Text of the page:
External mediation in civil conflicts since the end of the Cold War has rested on a standardized conflict resolution mechanism, which differs significantly from the state-centric mechanism prevalent during the Cold War. This accords a broadly equal standing to all parties to the conflict, and seeks to reach a settlement acceptable to them all. This, in turn, calls for a ceasefire, followed by either of two mechanisms designed to create a liberal constitutional order, guaranteed by internationally supervised elections. In the Rwanda conflict of 1990-94, conscientious implementation of this mechanism not only failed to avert genocide, but even helped to create the conditions that made it possible. This failure illustrates important weaknesses in the mechanism itself, notably the way in which mediators become implicit participants in the conflict, and the divorce of a mechanistic approach to conflict resolution from the political prerequisites for a successful settlement.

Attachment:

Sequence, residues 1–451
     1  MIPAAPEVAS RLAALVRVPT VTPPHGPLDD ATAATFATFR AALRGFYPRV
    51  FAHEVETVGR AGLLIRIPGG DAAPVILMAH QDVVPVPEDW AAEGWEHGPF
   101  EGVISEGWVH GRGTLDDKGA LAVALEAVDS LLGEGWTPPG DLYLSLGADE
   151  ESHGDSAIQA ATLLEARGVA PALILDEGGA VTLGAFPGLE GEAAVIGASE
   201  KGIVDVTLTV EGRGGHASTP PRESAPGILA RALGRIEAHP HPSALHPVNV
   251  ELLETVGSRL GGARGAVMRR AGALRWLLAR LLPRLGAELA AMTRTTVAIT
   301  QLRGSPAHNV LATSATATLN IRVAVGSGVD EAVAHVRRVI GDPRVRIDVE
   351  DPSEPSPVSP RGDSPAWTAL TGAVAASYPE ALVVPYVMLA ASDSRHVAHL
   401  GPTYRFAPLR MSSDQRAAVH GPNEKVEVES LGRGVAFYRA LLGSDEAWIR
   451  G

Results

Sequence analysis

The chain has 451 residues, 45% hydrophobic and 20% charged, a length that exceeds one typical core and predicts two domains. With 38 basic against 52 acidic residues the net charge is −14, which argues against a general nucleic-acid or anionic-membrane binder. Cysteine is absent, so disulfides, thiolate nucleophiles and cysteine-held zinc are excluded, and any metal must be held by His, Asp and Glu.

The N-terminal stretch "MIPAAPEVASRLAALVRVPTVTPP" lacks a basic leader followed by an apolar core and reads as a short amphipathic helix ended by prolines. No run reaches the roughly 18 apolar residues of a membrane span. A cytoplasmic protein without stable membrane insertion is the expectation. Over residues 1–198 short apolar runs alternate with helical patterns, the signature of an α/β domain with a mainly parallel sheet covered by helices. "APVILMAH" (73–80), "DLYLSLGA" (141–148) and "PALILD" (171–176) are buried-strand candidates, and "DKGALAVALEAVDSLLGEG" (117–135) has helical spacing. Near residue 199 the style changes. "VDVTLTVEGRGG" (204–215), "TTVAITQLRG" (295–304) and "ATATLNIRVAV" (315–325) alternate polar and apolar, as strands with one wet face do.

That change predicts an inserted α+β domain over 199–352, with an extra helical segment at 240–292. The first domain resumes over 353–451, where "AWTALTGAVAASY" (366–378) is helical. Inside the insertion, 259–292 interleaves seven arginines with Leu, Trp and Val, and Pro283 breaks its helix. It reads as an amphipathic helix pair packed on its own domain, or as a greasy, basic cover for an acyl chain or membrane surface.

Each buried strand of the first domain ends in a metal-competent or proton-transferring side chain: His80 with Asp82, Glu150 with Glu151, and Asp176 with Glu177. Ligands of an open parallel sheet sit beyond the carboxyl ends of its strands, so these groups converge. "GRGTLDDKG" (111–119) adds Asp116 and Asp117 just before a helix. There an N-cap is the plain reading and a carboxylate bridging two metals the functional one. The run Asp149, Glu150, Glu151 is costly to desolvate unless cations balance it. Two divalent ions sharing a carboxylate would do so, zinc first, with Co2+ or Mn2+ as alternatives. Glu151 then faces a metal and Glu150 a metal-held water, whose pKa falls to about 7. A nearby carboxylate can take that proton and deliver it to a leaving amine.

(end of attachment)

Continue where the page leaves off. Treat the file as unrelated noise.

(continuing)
Clapham, Christopher (1998) Rwanda: The Perils of Peace-Making, Journal of Peace Research 35 (2): 49–66.